End Jewish Problem by Making {span}pal###{/span} Land of Fulfillment Instead of Promise, Urges Dr. S
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End Jewish Problem by Making {span}pal###{/span} Land of Fulfillment Instead of Promise, Urges Dr. S

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The entire body of Jewish people throughout the world was urged to make Zionism its concern and to seek to end the Jewish problem by making Palestine “a land of fulfillment instead of a land of promise” as Nahum Sokolow, venerable Zionist leader and president of the World Zionist Organization, opened the eighteenth World Zionist Congress here last night.

Five thousand delegates and guests crowded into Lucerno Hall for the opening of the Congress. Other thousands were massed before the entrance to the hall, unable to gain admission.

Dominating the platform was a large picture of Dr. Theodor Herzl, founder of Zionism, and the Zionist and Czechsolvakian colors were intertwined throughout the hall. An empty chair, draped in black, was conspicuously placed at Dr. Sokolow’s right hand, in testimony to Dr. Chaim Arlosoroff and the entire assemblage rose for a moment of silence when Dr. Sokolow made first mention of the slain young Zionist leader.

Seated on the platform with the members of the Zionist Executive were personal representatives of President Masaryk, of the League of Nations, France, Great Britain, Poland and other nations.


A hush fell over the hall when, at exactly eight thirty o’clock, Dr. Sokolow knocked three times with his gavel and declared the congress officially open.

This was followed by the singing of “Hallelujah” by a choir composed of German-Jewish singers who formerly sang in the Berlin and provincial operas.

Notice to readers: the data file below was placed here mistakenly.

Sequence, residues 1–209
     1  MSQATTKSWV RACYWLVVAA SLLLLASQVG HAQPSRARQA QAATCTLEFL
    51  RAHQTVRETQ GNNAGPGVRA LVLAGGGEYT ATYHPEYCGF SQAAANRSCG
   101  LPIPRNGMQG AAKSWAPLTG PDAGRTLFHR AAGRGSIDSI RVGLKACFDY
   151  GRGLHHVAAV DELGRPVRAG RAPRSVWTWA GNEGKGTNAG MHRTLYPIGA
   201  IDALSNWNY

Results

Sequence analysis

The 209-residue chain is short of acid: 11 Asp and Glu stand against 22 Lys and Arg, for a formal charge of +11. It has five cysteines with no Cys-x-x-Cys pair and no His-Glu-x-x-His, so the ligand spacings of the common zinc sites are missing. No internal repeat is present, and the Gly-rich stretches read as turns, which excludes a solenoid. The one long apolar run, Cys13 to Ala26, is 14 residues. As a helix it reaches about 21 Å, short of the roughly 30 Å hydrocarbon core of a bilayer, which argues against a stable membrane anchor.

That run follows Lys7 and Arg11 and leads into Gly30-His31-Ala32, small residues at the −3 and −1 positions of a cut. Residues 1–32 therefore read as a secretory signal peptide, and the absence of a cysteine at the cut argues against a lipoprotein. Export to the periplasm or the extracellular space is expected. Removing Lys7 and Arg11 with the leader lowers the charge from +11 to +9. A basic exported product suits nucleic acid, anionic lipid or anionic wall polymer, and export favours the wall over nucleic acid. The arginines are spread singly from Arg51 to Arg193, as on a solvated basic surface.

Dr. Leo Motzkin, chairman of the Actions Committee, led the committee to their seats on the platform and received an ovation. Then David Ben-Gurion, Palestine labor leader, led the Laborite fraction to their places and received a lengthy ovation. Vladimir Jabotinsky, leader of the Revisionist fraction, was warmly cheered by the crowd outside as he made his way to the hall. The assembly rose to its feet for a warm greeting to Dr. Sokolow and the diplomatic representatives as they filed into their places.

Dr. Sokolow began his address in Hebrew and continued in French and Hebrew. After several parts of his speech, particularly those dealing with the German situation, he immediately translated his remarks into English, exclaiming at one time, “Germany of Goethe, Schiller and Lessing, where are you now?”


With the thought of the German-Jewish tragedy uppermost in the minds of the 332 delegates and the thousands of spectators assembled in Lucerno Hall, Dr. Sokolow denied any hatred of Germany.

“Indeed, we are not enemies of Germany. We are friends of Germany and admirers of her culture. We would not arouse the nations one against the other, we desire peace. But when it is a question of our existence and our honor, we must lift our voice. We cannot overcome this tragedy by discouragement and self-abasement, nor by agitation and passionate speeches. In this fatal time of trouble we must lose faith neither in humanity nor in ourselves. We do not wish to add fuel to the flames but we demand truth and peace. The Jewish question, in all its terrible nakedness, must by this tribunal be set before the world and before Israel.”

Continuing his address, Dr. Sokolow declared, “We are assembling now in a time of need and suffering. All the tragedy of the two thousand-year Diaspora (dispersion) has been unveiled before our shocked eyes. Anti-Semitism has lately struck at the heart of that part of our nation now in the Diaspora. The foundations of emancipation have been shaken and uprooted as by an earthquake. The whole facade of our civilization is crashing. Dangerous, inflammable matter has been stored up. It is dangerous to speak, but it is much more so to keep silent.”

In a voice which echoed deep feeling, the venerable Zionist leader poited out that “we stand before the ruins of Jewish emancipation in one of the world’s greatest states. A structure at which generations have labored has suddenly been swept away by a storm.”


Theodor Herzl, founder of the

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